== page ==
Find a Provider
From well-child visits to specialized treatment of complex illnesses and injuries, we offer comprehensive care from an exceptional team of doctors, nurses and allied professionals.
- Parents Home
- Allergy Center
- Asthma Center
- Cancer Center
- Diabetes Center
- A to Z
- Emotions & Behavior
- First Aid & Safety
- Food Allergy Center
- General Health
- Growth & Development
- Flu Center
- Heart Health
- Helping With Homework
- Diseases & Conditions
- Nutrition & Fitness Center
- Play & Learn Center
- School & Family Life
- Pregnancy & Newborn Center
- Sports Medicine Center
- Doctors & Hospitals
- Para Padres
- Kids Home
- Asthma Center for Kids
- Cancer Center for Kids
- Movies & More
- Diabetes Center for Kids
- Getting Help
- Puberty & Growing Up
- Health Problems of Grown-Ups
- Health Problems
- Homework Center
- How the Body Works
- Illnesses & Injuries
- Nutrition & Fitness Center for Kids
- Recipes & Cooking for Kids
- Staying Healthy
- Stay Safe Center
- Relax & Unwind Center
- Q&A for Kids
- The Heart
- Videos for Kids
- Staying Safe
- Kids' Medical Dictionary
- Para Niños
- Teens Home
- Asthma Center for Teens
- Be Your Best Self
- Cancer Center for Teens
- Diabetes Center for Teens
- Diseases & Conditions (for Teens)
- Drugs & Alcohol
- Expert Answers (Q&A)
- Flu Center for Teens
- Homework Help for Teens
- Infections (for Teens)
- Managing Your Medical Care
- Managing Your Weight
- Nutrition & Fitness Center for Teens
- Recipes for Teens
- Safety & First Aid
- School & Work
- Sexual Health
- Sports Center
- Stress & Coping Center
- Videos for Teens
- Para Adolescentes
Testicular injuries are relatively uncommon, but guys should be aware that they can happen. So how can you avoid injury and what should you do if one happens?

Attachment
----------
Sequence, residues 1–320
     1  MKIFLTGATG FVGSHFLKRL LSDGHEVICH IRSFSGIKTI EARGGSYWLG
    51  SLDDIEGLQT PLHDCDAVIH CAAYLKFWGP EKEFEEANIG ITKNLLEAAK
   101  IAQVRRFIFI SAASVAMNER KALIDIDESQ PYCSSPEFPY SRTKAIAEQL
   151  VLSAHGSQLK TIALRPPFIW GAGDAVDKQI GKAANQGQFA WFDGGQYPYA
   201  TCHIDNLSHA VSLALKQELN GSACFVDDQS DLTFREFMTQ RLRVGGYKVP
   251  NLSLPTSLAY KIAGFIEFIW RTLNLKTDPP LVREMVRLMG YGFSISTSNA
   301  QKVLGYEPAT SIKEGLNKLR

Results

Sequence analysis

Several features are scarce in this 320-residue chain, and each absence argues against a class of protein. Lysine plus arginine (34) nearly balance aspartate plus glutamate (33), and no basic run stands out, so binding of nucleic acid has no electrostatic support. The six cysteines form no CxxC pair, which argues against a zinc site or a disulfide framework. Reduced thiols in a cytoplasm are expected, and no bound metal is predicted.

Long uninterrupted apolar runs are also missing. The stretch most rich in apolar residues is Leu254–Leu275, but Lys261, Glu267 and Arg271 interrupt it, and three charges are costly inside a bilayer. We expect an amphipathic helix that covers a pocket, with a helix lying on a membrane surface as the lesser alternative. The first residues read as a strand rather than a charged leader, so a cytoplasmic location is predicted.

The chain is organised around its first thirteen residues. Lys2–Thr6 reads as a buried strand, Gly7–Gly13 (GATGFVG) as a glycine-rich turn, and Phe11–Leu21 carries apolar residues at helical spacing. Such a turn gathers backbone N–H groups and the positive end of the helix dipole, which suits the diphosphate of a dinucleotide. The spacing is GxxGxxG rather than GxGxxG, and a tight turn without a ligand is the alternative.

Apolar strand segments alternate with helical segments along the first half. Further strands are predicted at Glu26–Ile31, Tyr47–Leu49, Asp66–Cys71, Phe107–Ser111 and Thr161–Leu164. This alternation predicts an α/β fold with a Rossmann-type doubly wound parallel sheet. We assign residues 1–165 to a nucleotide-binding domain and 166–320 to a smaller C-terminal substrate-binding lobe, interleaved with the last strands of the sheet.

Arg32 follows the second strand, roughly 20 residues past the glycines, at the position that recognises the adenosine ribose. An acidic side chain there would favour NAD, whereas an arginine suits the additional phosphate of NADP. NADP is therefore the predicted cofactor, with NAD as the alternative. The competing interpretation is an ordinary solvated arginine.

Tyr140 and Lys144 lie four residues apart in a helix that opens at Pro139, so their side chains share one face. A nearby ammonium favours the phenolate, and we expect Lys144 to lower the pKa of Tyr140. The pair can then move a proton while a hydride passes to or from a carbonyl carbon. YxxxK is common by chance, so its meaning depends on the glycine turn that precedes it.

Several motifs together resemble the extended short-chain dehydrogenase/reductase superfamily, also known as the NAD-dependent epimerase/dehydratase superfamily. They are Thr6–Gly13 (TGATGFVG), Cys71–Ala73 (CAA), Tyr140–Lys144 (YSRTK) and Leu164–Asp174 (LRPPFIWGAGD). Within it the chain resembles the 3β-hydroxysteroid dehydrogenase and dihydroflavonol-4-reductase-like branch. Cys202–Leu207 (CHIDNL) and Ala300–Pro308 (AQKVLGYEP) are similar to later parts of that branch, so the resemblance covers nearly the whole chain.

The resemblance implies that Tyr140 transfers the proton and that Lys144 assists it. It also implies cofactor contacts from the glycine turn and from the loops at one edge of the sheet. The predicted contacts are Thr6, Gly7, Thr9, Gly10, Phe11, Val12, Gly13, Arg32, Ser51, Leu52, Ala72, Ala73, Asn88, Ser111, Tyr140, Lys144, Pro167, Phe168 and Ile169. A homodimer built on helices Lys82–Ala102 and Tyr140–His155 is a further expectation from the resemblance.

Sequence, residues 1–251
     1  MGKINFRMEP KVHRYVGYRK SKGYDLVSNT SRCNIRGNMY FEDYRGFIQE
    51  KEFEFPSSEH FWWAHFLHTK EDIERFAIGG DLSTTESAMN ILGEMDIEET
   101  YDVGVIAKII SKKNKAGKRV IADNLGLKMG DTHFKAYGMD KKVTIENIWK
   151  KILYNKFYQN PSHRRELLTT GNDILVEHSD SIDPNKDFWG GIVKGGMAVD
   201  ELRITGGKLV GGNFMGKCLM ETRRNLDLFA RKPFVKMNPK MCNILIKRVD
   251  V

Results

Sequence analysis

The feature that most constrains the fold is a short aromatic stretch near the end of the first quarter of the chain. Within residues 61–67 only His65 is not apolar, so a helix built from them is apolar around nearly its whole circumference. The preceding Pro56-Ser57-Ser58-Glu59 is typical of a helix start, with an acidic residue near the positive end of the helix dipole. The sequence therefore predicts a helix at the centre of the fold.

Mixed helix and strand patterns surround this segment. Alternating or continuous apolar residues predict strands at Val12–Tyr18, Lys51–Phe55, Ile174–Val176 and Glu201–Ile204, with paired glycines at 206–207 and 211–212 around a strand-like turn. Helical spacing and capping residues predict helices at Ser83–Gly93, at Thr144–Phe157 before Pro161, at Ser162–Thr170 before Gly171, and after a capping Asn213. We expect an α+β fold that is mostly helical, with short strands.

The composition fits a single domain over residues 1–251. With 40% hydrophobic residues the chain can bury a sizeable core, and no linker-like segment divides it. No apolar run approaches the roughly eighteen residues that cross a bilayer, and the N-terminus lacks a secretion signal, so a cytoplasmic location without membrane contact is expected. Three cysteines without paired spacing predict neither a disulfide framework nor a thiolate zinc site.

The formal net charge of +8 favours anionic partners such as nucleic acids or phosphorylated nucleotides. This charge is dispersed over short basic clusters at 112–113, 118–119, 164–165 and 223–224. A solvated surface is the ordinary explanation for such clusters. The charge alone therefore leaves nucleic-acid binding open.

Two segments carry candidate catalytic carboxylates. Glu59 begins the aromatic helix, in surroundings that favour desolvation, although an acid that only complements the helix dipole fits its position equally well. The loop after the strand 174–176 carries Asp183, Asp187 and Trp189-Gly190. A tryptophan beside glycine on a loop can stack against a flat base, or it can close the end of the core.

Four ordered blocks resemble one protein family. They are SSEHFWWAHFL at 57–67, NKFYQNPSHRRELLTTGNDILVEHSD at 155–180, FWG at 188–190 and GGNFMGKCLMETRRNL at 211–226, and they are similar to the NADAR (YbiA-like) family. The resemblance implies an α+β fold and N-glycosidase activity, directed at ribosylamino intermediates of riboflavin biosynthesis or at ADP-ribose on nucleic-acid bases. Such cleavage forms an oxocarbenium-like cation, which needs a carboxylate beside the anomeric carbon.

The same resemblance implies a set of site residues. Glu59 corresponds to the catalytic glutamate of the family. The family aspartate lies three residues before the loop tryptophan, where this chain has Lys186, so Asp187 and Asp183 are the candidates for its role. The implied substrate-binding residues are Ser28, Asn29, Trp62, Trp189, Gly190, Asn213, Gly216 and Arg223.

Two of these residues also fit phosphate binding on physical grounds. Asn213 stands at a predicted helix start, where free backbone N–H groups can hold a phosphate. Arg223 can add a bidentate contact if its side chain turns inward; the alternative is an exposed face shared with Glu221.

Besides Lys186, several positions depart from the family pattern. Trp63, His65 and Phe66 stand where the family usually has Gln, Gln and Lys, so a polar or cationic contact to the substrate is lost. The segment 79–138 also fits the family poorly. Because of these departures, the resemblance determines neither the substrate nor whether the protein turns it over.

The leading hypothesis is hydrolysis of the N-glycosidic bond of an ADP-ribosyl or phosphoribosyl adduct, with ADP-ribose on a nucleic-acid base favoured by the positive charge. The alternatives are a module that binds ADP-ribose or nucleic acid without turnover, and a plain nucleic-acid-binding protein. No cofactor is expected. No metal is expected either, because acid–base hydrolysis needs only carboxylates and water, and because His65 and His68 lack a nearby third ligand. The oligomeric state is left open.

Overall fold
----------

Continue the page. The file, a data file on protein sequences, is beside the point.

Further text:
Why Do They Happen?
If you're pretty active, you've probably found out that the testicles are kind of vulnerable and can be injured in a variety of ways.
The testicles hang in a sac outside the body (the scrotum). So they're not protected by bones and muscles like other parts of the reproductive system and other organs. Also, their location puts them at risk to be struck on the playing field or injured during heavy exercise and activity.
But because the testicles are loosely attached to the body and are made of a spongy material, they can absorb most hits without permanent damage. Testicles, while sensitive, can bounce back pretty quickly. Minor injuries rarely have long-term effects. Also, sexual function or sperm production isn't likely to be affected by a testicular injury.
What Should I Do About an Injury?
You'll definitely feel pain if your testicles are struck or kicked, and you might also feel nauseated for a short time. If it's a minor testicular injury, the pain should gradually ease in less than an hour and any other symptoms should go away.
To feel better, you can take a pain reliever, lie down, gently support the testicles with supportive underwear, and apply wrapped ice packs to the area. It's a good idea to avoid strenuous activity for a while and take it easy for a few days.
But get to a doctor right away if:
- The pain doesn't let up or you have extreme pain that lasts longer than 1 hour.
- You have swelling or bruising of the scrotum or a puncture of the scrotum or testicle.
- You continue to have nausea and vomiting.
- You develop a fever.
These are symptoms of a much more serious injury that needs care as soon as possible.
Serious Testicular Injuries
Serious testicular injuries include testicular torsion and testicular rupture.
Testicular torsion is when the testicle twists around, cutting off its blood supply. It's rare, and when it does happen it's often for no clear reason. Occasionally torsion is due to a serious trauma to the testicles or heavy activity.